UNLV Engineering doctoral student Erica Marti will head to the annual international Lindau Nobel Laureate Meeting this month to learn from the world's greatest minds in medicine, physics and chemistry. Marti, who is studying environmental engineering, is one of only 55 students from the United States selected. Less than 700 graduate and post-graduate students worldwide were chosen.
She will learn from 70 Nobel Laureates, who have received accolades for work in cancer and AIDS research, global health, medicine and more.
"We are so proud of Erica's accomplishments and the prestige she has brought to our college," said Rama Venkat, dean of the Howard R. Hughes College of Engineering. "We are thrilled to have one of our students learn from the word's most compelling scholars and scientists."
Marti successfully passed a competitive national and international selection process. About 200 academies of science, universities, foundations and research institutions from more than 50 countries played an active part in choosing the young scholars. Marti's trip is sponsored by Oak Ridge Associate Universities.
In addition to the standard program, Marti was selected to participate in the Master Class: "A 21st Century Career in Research: A discussion about thriving in the face of career uncertainty" with Brian Schmidt. Schmidt is a physicist who won a Nobel Prize in 2011 for the "discovery of the accelerating expansion of the universe through observations of distant supernovae," according to Nobelprize.org.
"I keep looking at the list of everyone I want to shake hands with, and I realize how much of an honor this is," Marti said. "I am also excited to meet the women who are Nobel laureates as they are such a huge inspiration to me as a young female scientist."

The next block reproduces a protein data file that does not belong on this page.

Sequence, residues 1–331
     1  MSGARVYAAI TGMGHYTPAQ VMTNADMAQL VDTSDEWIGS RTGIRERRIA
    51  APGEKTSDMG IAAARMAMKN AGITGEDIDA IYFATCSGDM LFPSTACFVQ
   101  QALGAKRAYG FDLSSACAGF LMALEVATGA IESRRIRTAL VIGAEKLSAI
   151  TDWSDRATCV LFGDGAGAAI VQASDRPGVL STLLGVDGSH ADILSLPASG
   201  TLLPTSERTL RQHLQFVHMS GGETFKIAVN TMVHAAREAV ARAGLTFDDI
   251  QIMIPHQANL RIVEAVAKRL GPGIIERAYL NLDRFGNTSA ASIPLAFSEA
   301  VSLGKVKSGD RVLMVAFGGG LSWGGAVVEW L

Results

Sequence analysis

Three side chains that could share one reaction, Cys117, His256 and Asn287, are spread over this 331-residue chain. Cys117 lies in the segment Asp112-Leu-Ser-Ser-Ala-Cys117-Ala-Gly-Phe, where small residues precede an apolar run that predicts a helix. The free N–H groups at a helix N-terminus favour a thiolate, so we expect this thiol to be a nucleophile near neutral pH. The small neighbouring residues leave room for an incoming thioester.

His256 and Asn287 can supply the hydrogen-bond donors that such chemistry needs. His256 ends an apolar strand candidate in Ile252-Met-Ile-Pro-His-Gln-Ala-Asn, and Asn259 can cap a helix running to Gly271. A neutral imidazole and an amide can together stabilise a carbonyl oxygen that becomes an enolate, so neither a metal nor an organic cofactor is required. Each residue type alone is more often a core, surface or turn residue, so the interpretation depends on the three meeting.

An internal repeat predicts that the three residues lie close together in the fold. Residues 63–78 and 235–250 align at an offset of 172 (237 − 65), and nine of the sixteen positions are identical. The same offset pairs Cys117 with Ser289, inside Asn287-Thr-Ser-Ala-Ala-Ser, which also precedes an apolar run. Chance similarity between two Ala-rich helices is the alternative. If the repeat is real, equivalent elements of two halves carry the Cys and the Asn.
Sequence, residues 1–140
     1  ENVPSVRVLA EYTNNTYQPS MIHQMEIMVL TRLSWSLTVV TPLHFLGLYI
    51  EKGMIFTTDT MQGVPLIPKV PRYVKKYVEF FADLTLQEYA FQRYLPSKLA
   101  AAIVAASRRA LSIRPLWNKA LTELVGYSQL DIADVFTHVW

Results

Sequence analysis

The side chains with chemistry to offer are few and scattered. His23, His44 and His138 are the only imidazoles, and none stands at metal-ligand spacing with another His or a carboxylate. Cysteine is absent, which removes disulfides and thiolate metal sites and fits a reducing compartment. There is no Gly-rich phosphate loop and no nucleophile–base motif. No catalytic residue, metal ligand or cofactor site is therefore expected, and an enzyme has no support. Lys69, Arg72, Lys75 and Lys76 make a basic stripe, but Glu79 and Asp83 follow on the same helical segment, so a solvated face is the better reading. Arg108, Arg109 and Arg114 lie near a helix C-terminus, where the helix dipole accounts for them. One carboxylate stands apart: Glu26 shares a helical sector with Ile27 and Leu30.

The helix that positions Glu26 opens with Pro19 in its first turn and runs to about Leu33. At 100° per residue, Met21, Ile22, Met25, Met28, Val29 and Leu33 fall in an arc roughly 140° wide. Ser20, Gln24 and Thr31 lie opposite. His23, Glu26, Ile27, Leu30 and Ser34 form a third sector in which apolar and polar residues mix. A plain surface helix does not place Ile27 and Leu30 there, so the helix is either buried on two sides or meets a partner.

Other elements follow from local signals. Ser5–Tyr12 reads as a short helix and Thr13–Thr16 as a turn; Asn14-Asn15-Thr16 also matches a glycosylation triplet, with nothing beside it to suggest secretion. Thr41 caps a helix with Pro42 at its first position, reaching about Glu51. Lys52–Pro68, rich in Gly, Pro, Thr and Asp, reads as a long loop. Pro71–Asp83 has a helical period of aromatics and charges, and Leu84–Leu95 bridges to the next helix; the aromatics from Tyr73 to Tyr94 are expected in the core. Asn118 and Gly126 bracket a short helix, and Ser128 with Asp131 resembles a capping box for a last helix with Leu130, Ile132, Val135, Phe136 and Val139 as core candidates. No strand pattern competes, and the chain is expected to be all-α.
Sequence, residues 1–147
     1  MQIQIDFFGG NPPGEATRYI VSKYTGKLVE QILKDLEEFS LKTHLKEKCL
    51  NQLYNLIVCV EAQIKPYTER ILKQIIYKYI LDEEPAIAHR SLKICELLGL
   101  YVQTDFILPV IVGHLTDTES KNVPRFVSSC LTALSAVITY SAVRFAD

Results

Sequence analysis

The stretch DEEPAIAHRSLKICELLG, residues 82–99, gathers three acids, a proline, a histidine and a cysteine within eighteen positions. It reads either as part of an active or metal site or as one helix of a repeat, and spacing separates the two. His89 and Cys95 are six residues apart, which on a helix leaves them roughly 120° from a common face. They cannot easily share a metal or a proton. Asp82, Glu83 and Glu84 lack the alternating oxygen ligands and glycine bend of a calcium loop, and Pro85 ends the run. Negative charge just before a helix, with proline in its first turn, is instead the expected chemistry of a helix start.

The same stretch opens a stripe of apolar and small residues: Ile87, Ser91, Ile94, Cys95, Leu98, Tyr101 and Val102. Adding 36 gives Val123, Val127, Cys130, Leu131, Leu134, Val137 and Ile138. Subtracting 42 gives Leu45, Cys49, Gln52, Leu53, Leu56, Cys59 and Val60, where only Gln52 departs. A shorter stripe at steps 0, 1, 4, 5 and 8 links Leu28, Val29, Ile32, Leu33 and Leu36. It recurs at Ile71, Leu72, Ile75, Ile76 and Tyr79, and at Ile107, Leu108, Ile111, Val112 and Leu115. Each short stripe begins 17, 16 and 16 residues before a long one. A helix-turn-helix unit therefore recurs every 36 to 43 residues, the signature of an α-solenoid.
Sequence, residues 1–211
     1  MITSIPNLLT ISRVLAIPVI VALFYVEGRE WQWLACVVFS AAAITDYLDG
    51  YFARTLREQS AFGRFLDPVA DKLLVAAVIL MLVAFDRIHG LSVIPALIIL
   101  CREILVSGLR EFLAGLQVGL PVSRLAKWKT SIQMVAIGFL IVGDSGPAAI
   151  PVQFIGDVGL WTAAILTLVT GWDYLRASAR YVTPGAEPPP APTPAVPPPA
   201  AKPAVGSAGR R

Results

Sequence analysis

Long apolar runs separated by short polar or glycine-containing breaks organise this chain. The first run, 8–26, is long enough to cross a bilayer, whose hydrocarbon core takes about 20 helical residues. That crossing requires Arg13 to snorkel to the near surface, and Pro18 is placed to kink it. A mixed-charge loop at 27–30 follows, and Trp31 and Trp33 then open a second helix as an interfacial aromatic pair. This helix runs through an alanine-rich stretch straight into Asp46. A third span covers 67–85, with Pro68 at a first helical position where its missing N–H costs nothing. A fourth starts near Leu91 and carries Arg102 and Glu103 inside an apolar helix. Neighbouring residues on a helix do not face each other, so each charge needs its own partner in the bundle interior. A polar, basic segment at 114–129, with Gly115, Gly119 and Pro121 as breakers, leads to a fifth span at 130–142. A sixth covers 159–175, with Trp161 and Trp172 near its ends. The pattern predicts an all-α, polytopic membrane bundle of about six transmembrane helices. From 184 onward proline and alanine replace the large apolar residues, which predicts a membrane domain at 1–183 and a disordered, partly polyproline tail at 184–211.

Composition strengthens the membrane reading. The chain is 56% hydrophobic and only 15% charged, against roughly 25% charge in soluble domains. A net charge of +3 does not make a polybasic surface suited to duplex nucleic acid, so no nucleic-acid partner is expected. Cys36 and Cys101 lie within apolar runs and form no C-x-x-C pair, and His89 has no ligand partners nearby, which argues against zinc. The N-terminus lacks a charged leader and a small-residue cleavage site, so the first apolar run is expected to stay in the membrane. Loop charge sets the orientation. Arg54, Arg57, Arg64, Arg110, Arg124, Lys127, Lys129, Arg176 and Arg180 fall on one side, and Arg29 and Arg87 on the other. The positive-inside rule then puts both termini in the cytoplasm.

Since 1951, Nobel Laureates have annually convened in Lindau in southern Germany to have open and informal meetings with students and young researchers from around the world. Laureates and students exchange ideas, discuss projects and build international networks throughout the week. Participants hail from 88 countries, including Japan, Israel, and the United Kingdom, as well as developing countries such as Bangladesh and Zimbabwe. The meeting runs from June 28 to July 3.
Marti studies water and wastewater treatment with an interest in chemicals that are used to disinfect drinking water. Chemicals are often used to kill pathogens in the water, but they can create byproducts that are harmful to humans. Marti researches how to prevent the formation of these harmful byproducts and how to safely remove them to create clean water.
As part of a grant from the National Science Foundation, Marti spent a summer in Australia examining disinfection byproducts. Earlier this spring she received a $25,000 UNLV Presidential Research Scholarship, the most significant award given to UNLV graduate students.
She is currently an intern at the Southern Nevada Water Authority and studies under Jaci Batista, an engineering professor and noted expert in wastewater treatment. Marti, who also has a master's in education, is a former Las Vegas high school chemistry teacher and aspires to become a college professor to continue her research in a university setting.